The Quinque viæ, Five Ways, or Five Proofs are five arguments regarding the existence of God summarized by the 13th century Roman Catholic philosopher and theologian St. Thomas Aquinas in his book, Summa Theologica...

, or the five traditional proofs for the existence of God. He was fiercely opposed to Hegelian attempts to construct all-encompassing metanarratives. Kierkegaard attacked the notion, popular in his day in Protestant societies, that one became a Christian by simply accepting intellectually some supposedly rational set of proofs for the validity of Christianity. To Kierkegaard, this was the epitome of hypocrisy. He argued that Christ's words were merely a collection of unrelated parables with ambiguous meanings and not fitting into a coherent system. Even miracles like turning water into wine or even the Resurrection according to him do not conclusively prove anything but are simply a tool to attract one's attention to the need to decide, on basis of a "leap of faith", whether to believe or not. A "leap to faith" is necessary because God, as transcendent and "other", is unknowable, and any revelation to humanity can therefore only be in the form of "indirect communication".

The above ideas have been enormously influential in Western culture. They not only dealt a severe blow to the naive rationalism prevalent in Christian theology in the 19th century - and, in fact, still prevalent nowadays in fundamentalist varieties of Christianity (e.g., evidential apologetics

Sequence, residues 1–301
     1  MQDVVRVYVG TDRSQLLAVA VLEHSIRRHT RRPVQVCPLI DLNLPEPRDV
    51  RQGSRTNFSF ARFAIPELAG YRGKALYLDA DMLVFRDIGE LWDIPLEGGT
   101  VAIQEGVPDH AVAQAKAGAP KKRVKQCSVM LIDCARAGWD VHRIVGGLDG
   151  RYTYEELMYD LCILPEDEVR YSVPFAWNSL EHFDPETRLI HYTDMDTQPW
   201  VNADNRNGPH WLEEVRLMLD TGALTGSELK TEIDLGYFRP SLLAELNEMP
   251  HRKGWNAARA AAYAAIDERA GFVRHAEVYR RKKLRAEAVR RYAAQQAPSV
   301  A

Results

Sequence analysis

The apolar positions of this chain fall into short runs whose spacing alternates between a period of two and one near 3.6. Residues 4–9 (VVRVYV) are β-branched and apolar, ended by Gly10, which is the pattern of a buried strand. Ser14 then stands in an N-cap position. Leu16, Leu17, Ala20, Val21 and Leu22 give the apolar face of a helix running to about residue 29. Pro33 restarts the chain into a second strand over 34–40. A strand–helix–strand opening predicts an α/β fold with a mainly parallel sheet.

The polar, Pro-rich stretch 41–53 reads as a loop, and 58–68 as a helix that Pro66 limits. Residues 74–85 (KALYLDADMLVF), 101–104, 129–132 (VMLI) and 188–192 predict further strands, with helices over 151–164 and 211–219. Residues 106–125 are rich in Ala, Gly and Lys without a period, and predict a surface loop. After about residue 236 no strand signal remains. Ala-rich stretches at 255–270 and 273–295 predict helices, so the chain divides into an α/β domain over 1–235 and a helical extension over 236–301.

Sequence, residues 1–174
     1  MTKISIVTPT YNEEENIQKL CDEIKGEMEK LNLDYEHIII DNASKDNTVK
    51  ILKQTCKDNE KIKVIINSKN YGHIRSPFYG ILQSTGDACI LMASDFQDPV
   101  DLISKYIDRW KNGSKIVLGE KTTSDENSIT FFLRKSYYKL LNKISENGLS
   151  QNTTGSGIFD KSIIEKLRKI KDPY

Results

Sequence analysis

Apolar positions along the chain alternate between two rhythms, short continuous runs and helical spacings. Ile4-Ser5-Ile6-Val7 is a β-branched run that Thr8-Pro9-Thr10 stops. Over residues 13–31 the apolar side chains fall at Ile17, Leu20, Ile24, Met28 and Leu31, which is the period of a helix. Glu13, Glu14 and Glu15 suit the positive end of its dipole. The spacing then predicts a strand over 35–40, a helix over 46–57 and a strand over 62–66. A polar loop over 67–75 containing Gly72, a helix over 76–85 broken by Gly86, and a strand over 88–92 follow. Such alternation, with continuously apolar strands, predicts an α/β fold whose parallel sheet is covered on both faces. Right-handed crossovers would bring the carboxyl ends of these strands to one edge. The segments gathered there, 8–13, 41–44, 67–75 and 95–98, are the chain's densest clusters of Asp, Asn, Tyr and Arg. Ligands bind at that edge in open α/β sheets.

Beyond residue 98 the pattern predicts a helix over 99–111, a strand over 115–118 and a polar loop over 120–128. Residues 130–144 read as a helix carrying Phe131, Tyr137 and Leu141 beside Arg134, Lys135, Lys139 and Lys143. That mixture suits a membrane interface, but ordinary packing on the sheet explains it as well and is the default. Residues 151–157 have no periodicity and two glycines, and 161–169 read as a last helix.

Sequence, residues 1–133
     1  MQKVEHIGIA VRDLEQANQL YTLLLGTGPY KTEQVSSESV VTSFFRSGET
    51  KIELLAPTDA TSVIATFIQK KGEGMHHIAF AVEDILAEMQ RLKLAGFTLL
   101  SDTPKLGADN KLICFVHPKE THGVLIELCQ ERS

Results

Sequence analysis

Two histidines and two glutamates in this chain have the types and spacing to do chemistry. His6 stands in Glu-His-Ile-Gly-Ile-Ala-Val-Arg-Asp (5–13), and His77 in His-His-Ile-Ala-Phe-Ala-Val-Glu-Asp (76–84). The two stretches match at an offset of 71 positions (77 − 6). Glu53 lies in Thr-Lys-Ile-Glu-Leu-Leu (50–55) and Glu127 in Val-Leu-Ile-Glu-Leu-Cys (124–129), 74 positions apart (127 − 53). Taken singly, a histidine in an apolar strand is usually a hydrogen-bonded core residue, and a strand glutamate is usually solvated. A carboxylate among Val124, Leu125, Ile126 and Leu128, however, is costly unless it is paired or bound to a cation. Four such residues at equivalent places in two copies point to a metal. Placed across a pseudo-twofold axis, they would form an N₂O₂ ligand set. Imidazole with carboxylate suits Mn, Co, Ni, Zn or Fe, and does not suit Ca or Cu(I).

Evidential apologetics
Evidential apologetics or evidentialism is an approach to Christian apologetics emphasizing the use of evidence to demonstrate that God exists...

) - but were also important in the development of Christian Existentialism
Christian existentialism
Christian existentialism describes a group of writings that take a philosophically existentialist approach to Christian theology. The school of thought is often traced back to the work of the Danish philosopher and theologian considered the father of existentialism, Søren Kierkegaard...

 and Postmodern Christianity
Postmodern Christianity
Postmodern Christianity is an outlook of Christianity that is closely associated with the body of writings known as postmodern philosophy. Although it is a relatively recent development in the Christian religion, some Christian postmodernists assert that their style of thought has an affinity with...

, as well as of Existentialism
Existentialism is a term applied to a school of 19th- and 20th-century philosophers who, despite profound doctrinal differences, shared the belief that philosophical thinking begins with the human subject—not merely the thinking subject, but the acting, feeling, living human individual...

 and Postmodernism
Postmodernism is a philosophical movement evolved in reaction to modernism, the tendency in contemporary culture to accept only objective truth and to be inherently suspicious towards a global cultural narrative or meta-narrative. Postmodernist thought is an intentional departure from the...

in general.